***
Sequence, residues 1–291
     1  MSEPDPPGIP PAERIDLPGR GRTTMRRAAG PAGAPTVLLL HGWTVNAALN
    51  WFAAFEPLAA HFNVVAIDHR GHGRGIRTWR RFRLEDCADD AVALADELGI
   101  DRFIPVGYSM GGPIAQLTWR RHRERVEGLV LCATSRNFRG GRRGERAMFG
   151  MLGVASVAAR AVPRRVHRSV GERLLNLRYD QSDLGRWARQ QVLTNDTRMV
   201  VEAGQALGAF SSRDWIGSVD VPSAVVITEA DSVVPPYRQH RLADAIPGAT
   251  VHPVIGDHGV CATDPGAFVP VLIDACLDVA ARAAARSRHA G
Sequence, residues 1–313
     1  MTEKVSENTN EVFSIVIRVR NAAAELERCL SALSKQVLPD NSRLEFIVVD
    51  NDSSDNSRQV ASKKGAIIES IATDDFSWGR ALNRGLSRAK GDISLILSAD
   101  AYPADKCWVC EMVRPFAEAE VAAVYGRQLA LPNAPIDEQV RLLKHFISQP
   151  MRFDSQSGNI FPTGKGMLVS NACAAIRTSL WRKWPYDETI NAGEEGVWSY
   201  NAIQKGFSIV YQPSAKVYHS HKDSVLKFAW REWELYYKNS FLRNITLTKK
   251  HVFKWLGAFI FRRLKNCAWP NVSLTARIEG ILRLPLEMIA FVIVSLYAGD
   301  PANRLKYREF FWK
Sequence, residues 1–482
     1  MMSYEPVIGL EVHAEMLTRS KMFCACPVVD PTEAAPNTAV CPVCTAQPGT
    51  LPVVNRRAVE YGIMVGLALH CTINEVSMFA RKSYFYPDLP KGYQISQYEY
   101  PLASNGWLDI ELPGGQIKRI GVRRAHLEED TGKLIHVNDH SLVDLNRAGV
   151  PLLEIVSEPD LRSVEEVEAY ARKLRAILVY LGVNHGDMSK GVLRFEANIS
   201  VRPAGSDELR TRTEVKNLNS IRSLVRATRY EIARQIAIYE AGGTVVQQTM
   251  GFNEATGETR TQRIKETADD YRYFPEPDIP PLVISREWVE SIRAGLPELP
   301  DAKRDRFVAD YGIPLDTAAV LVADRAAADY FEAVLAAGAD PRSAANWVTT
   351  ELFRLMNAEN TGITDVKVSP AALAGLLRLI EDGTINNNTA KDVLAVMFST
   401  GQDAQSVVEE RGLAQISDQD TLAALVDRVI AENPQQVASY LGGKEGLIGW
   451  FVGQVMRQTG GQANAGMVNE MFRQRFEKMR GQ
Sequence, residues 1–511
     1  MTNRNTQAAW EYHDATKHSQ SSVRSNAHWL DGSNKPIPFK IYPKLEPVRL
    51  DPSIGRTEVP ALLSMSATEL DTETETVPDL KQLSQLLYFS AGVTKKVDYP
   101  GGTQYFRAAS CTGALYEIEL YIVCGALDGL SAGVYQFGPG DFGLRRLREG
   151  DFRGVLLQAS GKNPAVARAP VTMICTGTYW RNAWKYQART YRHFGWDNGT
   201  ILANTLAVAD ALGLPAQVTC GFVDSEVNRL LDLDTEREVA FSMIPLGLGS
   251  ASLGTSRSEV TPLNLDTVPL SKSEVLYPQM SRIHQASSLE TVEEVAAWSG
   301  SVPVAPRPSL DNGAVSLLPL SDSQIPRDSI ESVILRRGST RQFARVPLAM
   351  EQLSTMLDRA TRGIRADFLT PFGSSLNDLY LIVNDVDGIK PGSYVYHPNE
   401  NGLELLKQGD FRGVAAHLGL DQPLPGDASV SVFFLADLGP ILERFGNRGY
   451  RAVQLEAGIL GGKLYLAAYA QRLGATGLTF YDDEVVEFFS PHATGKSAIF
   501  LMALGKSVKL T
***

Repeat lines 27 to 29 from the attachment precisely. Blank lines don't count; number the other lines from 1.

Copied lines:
Sequence, residues 1–511
     1  MTNRNTQAAW EYHDATKHSQ SSVRSNAHWL DGSNKPIPFK IYPKLEPVRL
    51  DPSIGRTEVP ALLSMSATEL DTETETVPDL KQLSQLLYFS AGVTKKVDYP